BEIRUT — Kurdish forces defending a Syrian town near the Turkish border clashed with the Islamic State group on Monday after repelling a wide-ranging militant assault the day before in battles that left dozens dead on both sides.
While the Kurds remain in control of the town of Kobani, an Associated Press journalist on the Turkish side of the border saw two black banners with Arabic writing — one raised over a building and another from a nearby hill — at the eastern entrance on Monday, suggesting that Islamic State fighters may have regrouped and broken through the Kurdish perimeter.
The Britain-based Syrian Observatory for Human Rights and a statement from the Kurdish force known as the People's Protection Units, or YPG, said more than 45 fighters on both sides were killed Sunday near Kobani, including a Kurdish female fighter who blew herself up, killing several jihadists.
Kobani, known in Arabic as Ayn Arab, and surrounding areas have been under attack since mid-September, with Islamic State militants capturing dozens of nearby Kurdish villages. The assault has forced some 160,000 Syrians to flee and strained Kurdish forces, who have struggled to push back the extremists despite being aided by U.S.-led coalition airstrikes.
On the Turkish side of the border, at least 14 Turkish army tanks took up defensive positions on a hilltop near Kobani. Heavy bombardment could be heard down below as plumes of smoke rose from the town.
A shell from the fighting struck a house and a small grocery store across the border in Turkey, but no one was hurt. At least four people were injured in a similar incident on Sunday.
The YPG said in a statement that there were 50 points of clashes around Kobani on Sunday, adding that 74 Islamic State fighters as well as 15 Kurdish gunmen were killed. The Observatory, which gathers information from activists inside Syria, said 27 jihadists and 19 Kurds were killed in the battles, making it one of the deadliest days since the latest round of fighting began three weeks ago.
Syrian Kurdish forces have long been among the most effective adversaries of the Islamic State group, keeping it out of their enclave in northeastern Syria even as the extremists routed the armed forces of both Syria and neighboring Iraq in recent months.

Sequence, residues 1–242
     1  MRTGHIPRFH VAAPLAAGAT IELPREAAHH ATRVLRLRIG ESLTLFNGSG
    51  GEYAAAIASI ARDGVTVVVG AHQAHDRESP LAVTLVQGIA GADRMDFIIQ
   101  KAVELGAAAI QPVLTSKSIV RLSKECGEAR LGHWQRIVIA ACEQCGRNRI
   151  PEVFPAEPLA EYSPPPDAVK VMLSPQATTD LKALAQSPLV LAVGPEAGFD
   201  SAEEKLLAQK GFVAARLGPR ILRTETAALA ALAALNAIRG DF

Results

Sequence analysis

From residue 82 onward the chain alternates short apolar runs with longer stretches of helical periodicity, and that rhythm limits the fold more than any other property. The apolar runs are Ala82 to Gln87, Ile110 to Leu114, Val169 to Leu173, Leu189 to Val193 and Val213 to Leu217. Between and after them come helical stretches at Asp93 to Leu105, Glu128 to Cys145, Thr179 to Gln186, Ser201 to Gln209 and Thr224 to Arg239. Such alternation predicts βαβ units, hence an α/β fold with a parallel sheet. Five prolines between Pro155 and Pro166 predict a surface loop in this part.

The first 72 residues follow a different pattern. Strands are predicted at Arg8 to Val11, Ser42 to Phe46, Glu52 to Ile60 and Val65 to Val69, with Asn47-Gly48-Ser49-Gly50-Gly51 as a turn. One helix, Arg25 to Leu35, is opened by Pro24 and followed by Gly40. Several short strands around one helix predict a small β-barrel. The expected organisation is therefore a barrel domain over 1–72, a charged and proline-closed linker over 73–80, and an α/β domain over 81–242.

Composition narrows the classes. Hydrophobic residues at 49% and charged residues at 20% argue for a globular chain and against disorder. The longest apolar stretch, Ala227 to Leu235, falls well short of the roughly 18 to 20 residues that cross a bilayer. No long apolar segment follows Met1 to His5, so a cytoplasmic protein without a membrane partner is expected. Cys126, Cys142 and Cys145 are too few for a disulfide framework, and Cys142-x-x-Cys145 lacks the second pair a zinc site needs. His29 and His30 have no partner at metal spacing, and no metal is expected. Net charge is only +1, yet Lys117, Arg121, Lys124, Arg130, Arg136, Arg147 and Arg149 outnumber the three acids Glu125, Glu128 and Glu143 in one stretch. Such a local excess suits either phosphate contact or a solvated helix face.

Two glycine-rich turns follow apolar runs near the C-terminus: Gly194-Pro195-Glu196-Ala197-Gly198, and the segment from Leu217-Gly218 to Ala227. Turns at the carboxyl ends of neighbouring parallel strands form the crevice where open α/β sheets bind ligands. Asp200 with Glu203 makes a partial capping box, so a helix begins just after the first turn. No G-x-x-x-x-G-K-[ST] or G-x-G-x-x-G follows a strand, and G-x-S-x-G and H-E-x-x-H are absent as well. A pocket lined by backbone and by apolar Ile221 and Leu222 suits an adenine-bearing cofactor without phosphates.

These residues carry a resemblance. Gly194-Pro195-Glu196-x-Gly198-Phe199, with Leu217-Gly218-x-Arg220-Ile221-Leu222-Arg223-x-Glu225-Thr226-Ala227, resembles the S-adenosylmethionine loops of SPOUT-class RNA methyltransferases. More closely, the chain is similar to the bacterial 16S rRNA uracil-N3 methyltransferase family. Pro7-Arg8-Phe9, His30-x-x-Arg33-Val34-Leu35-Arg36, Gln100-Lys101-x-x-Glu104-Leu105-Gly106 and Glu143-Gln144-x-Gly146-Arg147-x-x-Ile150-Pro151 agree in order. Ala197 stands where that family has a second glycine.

But in recent weeks the overstretched Kurds have struggled to counter the increasingly well-armed militants.
"They are using tanks, artillery and all kinds of weapons they captured in Iraq and Syria," said Nasser Haj Mansour, a defense official in Syria's Kurdish region, referring to the Islamic State group, which has declared a caliphate in the huge swath of territory it controls in both countries.
Observatory director Rami Abdurrahman said Monday that one of the attacks against Islamic State group the day earlier was carried out by a female Kurdish fighter who blew herself up, killing 10 militants.
The YPG statement identified the suicide attacker as Deilar Kanj Khamis, better known by her military name, Arin Mirkan.
Khamis was a member of a YPG branch known as the Women's Protection Units, or YPJ. The force has more than 10,000 female fighters who have played a major role in the battles against the Islamic State group, Haj Mansour said.
Haj Mansour said Kurdish fighters withdrew from a position on the strategic hill of Mashta Nour near Kobani. Khamis stayed behind, and as the Islamic State fighters moved in she attacked them with gunfire and grenades, eventually blowing herself up. The Kurds then recaptured the position.
"If necessary, all our female and male fighters will become Arin. The attacks by mercenaries of Daesh against Kobani will not be allowed to achieve their goals," the YPG statement said, using the Arabic acronym for the Islamic State group.
Nawaf Khalil, a spokesman for Syria's Kurdish Democratic Union Party, or PYD, said: "Yesterday was a very violent day but they were neither able to enter Kobani nor Mashta Nour."
Khalil added that PYD chief Saleh Muslim Mohammed visited Turkey over the weekend where he met Turkish officials, without providing further details.
Turkish Deputy Prime Minister Bulent Arinc confirmed that Mohammed visited the Turkish capital Ankara, without elaborating.
Arinc said on Friday that Mohammed's group made mistakes in the past by siding with Syrian President Bashar Assad and by creating Kurdish cantons in Syria's north.
"They tried to become a state. They had Assad behind them," Arinc said. "What's happening now? 200,000 people have come to Turkey. (And they are saying)'Oh my God, come and save me."
The PYD denies links to Assad's government, which withdrew troops from the area in 2012, allowing Kurdish forces to assume control and eventually declare their own civil administration.
NATO member Turkey is wary of the PYD, believing it is affiliated with the Kurdish PKK movement, which waged a long and bloody insurgency in southeast Turkey.
Associated Press writers Lefteris Pitarakis and Mehmet Guzel in Suruc, Turkey and Suzan Fraser in Ankara, Turkey, contributed to this report.
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